Pregnancy & COVID-19
While the news and social media are constantly bombarding us with statistics and worse-case scenarios, we at Journey House want to provide education about COVID-19 and how it may or may not affect pregnancy. We hope to put your mind at ease, and help you make wise decisions for you and your baby.
Are pregnant women at greater risk for contracting the virus?
The short answer is, “We don’t know.” This virus is so new and as scientists study the data, they will know better how this virus affects different demographics in our population. Currently, the CDC (Centers for Disease Control) does not have any evidence to show whether or not pregnant women are higher risk for contracting the virus. They recommend that pregnant women adhere to the same precautions as everyone else.
People with serious, chronic medical conditions are most at risk for contracting COVID-19. If you are currently working and have heart disease, diabetes, or lung disease, check with your OB-GYN or midwife. They may they recommend quarantine for the next several weeks for your own health and safety.
Focus on pregnancy health.
The most important thing you can do right now for your baby is to take care of yourself. In addition to taking your prenatal vitamins and keeping your OB appointments, you want to take necessary steps to ensure that you stay healthy. It’s important to eat healthy to keep your immune system strong. Check out some great suggestions on our blog post, Eating for Two!
You also need to get plenty of sleep (at least 8 hours!). Did you know that cell phones affect sleep? Set your phone aside at least 30 minutes before bedtime and consider picking up a good book instead! Can’t make it to the library? Call and ask your library about online audio books.
It’s also vital that you remain emotionally healthy and lower your stress level. While we like to know what’s going on, the news often contributes to our increased anxiety, as we’re continually reminded of all that’s uncertain. Be proactive and turn it off. (You may find you don’t miss it!) Give yourself permission to take a break for a bit and find something else to do, like take a walk in your neighborhood or talk on the phone to a friend or take a nap!
Limit person-to-person contact.
There is still a lot that is unknown about this virus. Limiting contact with others is important, not only because the virus is spread through respiratory droplets that are produced when an infected person sneezes or coughs, but also because COVID-19 has been shown to be contracted through “community spread”. This should not be a cause for panic, but precaution.
For the stay-at-home momma with small children, this recommendation may immediately conjure dreams of solitary isolation. A four-star resort would be a welcome solution! Although your fantasy of being whisked away from the demands of housework and mothering won’t become reality, you can still embrace this time and find joy in the midst of social distancing.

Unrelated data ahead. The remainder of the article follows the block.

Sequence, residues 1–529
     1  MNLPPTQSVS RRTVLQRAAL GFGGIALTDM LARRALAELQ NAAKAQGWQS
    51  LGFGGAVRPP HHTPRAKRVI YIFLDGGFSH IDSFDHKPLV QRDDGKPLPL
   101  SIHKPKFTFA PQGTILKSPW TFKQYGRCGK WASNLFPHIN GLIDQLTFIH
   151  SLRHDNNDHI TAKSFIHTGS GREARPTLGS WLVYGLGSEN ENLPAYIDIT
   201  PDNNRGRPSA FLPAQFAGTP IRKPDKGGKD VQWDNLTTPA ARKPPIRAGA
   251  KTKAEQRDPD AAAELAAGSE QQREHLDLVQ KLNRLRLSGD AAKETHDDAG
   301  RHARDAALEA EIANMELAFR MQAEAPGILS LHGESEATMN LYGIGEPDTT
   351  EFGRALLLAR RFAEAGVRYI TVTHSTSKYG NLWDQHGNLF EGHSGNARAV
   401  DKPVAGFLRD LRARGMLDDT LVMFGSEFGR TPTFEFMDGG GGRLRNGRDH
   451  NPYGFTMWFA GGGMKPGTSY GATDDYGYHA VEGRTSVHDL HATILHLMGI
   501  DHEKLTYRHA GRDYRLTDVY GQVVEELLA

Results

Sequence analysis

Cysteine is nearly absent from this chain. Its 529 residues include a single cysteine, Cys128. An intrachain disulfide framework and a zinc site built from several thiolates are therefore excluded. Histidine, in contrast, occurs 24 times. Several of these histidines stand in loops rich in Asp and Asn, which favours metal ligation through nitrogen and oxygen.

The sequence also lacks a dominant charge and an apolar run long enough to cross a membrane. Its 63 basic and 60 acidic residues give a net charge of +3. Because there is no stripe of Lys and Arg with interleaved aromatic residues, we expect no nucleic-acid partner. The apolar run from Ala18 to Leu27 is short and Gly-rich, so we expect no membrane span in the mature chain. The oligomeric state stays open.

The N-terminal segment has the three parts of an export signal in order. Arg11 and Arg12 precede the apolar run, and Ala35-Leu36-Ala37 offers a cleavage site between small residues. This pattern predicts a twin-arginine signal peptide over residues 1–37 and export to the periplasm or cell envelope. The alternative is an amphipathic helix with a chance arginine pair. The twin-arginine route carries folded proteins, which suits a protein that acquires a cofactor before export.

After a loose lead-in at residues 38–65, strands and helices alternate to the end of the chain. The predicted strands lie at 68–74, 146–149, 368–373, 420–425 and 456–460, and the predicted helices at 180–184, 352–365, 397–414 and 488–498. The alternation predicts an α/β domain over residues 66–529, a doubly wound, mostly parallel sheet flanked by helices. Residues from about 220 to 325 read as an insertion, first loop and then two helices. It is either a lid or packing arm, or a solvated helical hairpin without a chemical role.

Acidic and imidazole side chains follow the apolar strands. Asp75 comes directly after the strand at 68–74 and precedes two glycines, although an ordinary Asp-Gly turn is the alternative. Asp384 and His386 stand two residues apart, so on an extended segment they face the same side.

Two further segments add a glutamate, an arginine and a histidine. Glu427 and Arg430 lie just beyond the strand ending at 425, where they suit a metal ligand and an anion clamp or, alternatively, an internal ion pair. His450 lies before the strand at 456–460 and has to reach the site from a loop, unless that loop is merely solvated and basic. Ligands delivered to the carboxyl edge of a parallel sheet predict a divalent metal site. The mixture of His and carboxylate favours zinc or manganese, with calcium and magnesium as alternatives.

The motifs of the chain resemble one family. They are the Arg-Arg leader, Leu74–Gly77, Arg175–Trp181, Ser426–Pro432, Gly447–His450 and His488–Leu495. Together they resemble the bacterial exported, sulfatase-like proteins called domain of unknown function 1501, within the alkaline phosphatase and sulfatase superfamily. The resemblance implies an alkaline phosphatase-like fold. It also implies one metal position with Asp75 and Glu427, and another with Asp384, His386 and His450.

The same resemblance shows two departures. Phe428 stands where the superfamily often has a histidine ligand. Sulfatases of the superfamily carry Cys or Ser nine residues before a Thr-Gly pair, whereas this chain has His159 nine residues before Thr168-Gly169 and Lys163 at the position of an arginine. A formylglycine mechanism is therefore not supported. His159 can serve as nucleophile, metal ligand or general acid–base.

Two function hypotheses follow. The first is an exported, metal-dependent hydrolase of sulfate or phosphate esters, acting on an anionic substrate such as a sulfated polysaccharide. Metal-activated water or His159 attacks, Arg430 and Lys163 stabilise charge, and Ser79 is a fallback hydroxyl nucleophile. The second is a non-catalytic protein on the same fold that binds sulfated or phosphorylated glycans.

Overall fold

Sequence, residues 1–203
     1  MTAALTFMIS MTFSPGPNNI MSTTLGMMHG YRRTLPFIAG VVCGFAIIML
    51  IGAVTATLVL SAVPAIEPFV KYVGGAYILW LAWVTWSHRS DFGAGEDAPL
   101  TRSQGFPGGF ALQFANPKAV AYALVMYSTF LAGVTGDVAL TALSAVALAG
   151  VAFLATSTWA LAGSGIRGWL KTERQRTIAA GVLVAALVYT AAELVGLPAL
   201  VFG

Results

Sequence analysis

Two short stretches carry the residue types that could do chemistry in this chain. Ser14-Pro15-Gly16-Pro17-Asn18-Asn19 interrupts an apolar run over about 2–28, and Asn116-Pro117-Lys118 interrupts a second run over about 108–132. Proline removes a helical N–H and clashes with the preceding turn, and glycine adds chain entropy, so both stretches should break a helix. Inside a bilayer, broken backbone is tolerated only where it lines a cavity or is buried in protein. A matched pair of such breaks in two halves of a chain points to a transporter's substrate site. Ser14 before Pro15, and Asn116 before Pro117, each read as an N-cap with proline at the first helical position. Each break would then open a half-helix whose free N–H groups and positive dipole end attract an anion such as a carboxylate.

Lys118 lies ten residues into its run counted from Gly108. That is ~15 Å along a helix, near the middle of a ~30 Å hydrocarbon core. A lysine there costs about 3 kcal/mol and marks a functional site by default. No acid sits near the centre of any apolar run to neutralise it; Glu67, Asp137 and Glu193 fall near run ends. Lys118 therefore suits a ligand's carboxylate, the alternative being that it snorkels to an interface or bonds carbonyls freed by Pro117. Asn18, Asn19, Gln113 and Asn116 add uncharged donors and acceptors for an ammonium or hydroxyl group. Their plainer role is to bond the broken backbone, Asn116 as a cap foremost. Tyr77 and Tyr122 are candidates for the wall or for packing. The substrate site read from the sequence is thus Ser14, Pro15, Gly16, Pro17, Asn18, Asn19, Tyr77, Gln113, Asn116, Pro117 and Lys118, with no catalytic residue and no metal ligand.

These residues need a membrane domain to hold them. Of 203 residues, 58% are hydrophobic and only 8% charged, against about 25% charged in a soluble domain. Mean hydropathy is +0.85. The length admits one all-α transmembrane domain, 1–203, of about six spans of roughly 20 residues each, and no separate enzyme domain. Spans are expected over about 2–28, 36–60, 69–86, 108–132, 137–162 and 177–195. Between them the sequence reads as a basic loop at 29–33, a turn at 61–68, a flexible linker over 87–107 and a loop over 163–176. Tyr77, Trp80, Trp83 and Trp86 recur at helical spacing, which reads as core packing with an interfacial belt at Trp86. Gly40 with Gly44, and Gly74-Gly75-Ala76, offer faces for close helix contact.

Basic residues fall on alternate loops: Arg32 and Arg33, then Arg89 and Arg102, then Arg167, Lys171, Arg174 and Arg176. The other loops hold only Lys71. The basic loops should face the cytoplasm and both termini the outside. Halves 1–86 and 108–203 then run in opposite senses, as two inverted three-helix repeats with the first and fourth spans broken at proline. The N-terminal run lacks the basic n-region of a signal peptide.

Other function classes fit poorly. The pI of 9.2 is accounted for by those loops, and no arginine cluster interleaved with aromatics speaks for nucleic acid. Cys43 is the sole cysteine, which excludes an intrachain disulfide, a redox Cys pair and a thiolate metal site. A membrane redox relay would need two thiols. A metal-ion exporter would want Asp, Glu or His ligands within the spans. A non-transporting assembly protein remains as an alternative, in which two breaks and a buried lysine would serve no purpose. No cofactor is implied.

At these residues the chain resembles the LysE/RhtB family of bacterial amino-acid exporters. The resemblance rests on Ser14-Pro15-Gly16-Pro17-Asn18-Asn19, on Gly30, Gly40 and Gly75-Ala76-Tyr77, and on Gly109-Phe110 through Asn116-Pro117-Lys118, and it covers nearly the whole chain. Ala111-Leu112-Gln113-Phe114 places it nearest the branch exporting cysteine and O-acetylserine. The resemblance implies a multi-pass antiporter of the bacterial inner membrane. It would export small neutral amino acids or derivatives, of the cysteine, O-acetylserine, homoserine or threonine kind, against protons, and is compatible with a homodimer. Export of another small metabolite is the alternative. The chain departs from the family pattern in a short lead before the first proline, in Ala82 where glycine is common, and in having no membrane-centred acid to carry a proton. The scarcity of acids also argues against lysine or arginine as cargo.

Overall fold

The good news is that based on the evidence available, children do not seem to be at a higher risk for getting COVID-19. While there have been some cases of children getting sick, it is mostly adults who are at risk.
There are a lot of great ideas and activities for families with small children or school-aged children to do at home. Limiting contact with others does not mean home confinement. It’s important for kids (and moms!) to be outside, get fresh air, go on a walk, and enjoy the signs of Spring peeking through!
Follow the CDC guidelines.
People are thought to be most contagious when they’re displaying symptoms. These symptoms include a fever (at least 100.4 degrees Fahrenheit), cough, and difficulty breathing and can appear anywhere from 2-14 days after being exposed to the virus. Avoid people who are displaying symptoms and stay home if you’re sick! Wash your hands. Cover your mouth and nose when you cough. Keep surfaces disinfected and clean. Seek medical attention if you start to develop symptoms.
What if I go into labor?
Many hospitals are implementing strict limitations on visitors, in order to protect their patients. This not only limits the number of visitors allowed during labor and delivery, but also during your hospital stay. The health and safety of you and your baby is what is most important!
What if I think I have contracted COVID-19?
If you think you have COVID-19, if you are displaying symptoms, or if you think you have been exposed to the virus, contact your healthcare provider and OB-GYN for medical advice. Make sure to follow all CDC guidelines and precautions. If you test positive for the virus or if you have come in contact with someone who tested positive for COVID-19, inform your doctor and ask them to contact your local health department.
For more information, visit the Oklahoma State Department of Health’s website for more information. http://coronavirus.health.ok.gov/
You are not alone.
It’s at times like these that we so often feel overwhelmed and alone. But know that there is help available and helpers in your community that want to walk with you. If you are struggling with feelings of anxiety or have additional questions about your pregnancy, reach out. Pregnancy Resource Centers not only offer free services, but a listening ear! Though you may have to distance socially for a time and may experience feelings of loneliness, you are not alone.